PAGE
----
Congress rejected new limits on surveillance that sweeps in Americans after Donald Trump roiled debate with a series of contradictory tweets assailing a programme his administration is on the record supporting.
A provision of the Foreign Intelligence Surveillance Act (FISA) which allows intelligence agencies to gather communications from foreign targets without obtaining warrants, has spurred a debate over the balance between national security and privacy. With the broader programme up for renewal, a bipartisan group of politicians proposed requiring warrants when surveillance vacuums up messages Americans send or are mentioned in.
An amendment imposing that mandate failed in a House vote as representatives approved the larger programme with minimal changes. On the eve of the vote, the White House sent out a statement saying it “strongly opposes” the proposed surveillance limits.
“This amendment would re-establish the walls between intelligence and law enforcement that our country knocked down following the attacks of 9/11 in order to increase information sharing and improve our national security,” the statement said.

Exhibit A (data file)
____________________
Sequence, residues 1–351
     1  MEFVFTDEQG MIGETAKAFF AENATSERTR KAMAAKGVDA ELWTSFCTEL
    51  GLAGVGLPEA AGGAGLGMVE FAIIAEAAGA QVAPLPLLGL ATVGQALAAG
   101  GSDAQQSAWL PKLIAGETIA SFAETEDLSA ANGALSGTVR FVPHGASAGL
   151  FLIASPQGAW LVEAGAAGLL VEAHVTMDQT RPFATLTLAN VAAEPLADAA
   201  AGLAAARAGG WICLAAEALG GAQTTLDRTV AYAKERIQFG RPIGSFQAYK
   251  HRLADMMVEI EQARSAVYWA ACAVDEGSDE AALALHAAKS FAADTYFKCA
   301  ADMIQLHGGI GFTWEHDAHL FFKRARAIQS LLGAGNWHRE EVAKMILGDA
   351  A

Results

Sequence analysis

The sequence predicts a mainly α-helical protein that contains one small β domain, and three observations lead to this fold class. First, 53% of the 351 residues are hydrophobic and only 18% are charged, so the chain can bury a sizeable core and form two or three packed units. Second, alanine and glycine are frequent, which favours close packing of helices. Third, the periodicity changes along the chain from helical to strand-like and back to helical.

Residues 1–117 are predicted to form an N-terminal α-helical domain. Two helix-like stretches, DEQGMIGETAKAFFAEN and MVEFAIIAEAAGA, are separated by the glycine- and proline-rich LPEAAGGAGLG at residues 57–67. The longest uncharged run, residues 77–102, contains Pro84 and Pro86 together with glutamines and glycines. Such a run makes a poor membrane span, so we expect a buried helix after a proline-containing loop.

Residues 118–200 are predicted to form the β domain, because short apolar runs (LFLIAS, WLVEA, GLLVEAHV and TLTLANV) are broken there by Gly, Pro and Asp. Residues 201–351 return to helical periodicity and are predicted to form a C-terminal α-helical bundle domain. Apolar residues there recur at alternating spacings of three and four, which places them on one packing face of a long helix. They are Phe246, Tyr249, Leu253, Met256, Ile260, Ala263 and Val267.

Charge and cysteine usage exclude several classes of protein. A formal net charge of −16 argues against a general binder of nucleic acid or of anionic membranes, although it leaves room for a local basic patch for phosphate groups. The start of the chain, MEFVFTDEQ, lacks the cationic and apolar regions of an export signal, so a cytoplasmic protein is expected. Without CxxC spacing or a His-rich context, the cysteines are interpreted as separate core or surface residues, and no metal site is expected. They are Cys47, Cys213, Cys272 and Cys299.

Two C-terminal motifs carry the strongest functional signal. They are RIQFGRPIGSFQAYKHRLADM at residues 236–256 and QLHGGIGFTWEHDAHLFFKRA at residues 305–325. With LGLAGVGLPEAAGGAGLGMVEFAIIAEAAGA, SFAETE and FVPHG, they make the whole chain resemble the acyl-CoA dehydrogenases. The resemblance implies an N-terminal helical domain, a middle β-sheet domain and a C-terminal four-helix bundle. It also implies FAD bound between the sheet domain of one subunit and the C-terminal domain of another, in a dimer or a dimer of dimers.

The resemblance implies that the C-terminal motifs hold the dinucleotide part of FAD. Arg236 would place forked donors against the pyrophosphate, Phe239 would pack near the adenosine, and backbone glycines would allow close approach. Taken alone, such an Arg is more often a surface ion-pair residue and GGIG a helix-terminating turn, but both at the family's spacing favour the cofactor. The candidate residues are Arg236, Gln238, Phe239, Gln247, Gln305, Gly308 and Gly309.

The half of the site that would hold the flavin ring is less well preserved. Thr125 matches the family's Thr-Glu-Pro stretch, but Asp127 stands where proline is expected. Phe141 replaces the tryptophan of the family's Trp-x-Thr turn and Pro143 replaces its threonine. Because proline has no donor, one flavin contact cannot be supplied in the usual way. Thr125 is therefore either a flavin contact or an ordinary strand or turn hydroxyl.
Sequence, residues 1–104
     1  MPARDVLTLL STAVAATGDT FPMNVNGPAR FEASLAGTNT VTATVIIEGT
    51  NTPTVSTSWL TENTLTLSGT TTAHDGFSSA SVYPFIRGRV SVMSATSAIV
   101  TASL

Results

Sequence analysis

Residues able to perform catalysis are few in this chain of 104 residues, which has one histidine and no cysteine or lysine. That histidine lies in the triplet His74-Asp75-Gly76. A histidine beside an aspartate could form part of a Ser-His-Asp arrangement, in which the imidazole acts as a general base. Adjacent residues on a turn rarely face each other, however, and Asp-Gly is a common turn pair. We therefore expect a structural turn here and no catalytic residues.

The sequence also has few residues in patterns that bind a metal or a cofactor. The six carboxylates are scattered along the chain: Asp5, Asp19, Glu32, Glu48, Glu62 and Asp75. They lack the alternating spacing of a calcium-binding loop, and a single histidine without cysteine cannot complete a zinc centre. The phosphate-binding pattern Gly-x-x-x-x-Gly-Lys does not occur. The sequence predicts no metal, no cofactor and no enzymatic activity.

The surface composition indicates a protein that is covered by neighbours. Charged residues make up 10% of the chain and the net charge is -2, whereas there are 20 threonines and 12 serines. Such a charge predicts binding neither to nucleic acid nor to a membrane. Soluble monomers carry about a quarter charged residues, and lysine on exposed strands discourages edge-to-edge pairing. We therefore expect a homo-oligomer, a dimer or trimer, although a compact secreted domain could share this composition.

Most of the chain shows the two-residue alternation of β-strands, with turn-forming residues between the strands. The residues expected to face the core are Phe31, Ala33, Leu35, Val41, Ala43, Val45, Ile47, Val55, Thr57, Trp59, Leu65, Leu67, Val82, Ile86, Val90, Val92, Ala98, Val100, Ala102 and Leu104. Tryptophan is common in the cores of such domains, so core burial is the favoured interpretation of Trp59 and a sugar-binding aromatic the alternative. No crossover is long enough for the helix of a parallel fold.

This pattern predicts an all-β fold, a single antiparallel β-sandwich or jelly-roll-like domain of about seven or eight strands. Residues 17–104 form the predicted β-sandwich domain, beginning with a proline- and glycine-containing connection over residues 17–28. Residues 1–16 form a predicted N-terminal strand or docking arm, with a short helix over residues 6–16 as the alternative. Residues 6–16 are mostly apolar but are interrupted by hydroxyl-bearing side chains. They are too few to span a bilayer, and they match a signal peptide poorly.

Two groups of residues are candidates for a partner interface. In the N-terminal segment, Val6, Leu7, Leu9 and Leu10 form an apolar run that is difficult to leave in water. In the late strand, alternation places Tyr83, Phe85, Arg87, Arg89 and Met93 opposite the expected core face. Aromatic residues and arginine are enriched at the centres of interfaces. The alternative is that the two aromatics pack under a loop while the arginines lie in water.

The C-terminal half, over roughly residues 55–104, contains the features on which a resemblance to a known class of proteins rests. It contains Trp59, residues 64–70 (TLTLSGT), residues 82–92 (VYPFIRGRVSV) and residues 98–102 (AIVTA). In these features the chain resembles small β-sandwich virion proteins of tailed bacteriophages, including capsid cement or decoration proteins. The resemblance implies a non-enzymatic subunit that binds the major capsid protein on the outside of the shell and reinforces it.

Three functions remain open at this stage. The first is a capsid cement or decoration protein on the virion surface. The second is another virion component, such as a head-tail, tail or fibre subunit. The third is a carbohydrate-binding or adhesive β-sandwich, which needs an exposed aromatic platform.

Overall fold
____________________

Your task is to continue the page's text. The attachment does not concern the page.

The White House had thrown its support behind the surveillance provision on similar grounds, with multiple administration officials calling for it to be made permanent, but Mr Trump sowed confusion by attacking the measure and then seeming to backtrack.
After initially decrying the programme on Twitter as having been used to “so badly surveil and abuse the Trump Campaign,” he later said that “today’s vote is about foreign surveillance of foreign bad guys on foreign land”.
“We need it! Get smart”! Mr Trump said.
“House votes on controversial FISA ACT today.” This is the act that may have been used, with the help of the discredited and phony Dossier, to so badly surveil and abuse the Trump Campaign by the previous administration and others?— Donald J. Trump (@realDonaldTrump) January 11, 2018
With that being said, I have personally directed the fix to the unmasking process since taking office and today’s vote is about foreign surveillance of foreign bad guys on foreign land. We need it! Get smart!— Donald J. Trump (@realDonaldTrump) January 11, 2018
Those divergent responses prompted some members of Congress to question whether Mr Trump understood a controversial national security tool that was on the verge of being renewed.
House Minority Leader Nancy Pelosi and Adam Schiff of California, the top Democrat on the House Intelligence Committee, suggested that the House should hold off on voting until representatives had more clarity on Mr Trump's tweets.
“FISA is something the President should have known about long before he turned on Fox this morning,” Senator Mark Warner of Virginia, the senior Democrat on the Senate Intelligence Committee, said on Twitter.
According to CNN, Mr Trump and House Speaker Paul Ryan, who leads the Republican caucus, spoke after the President’s initial tweet.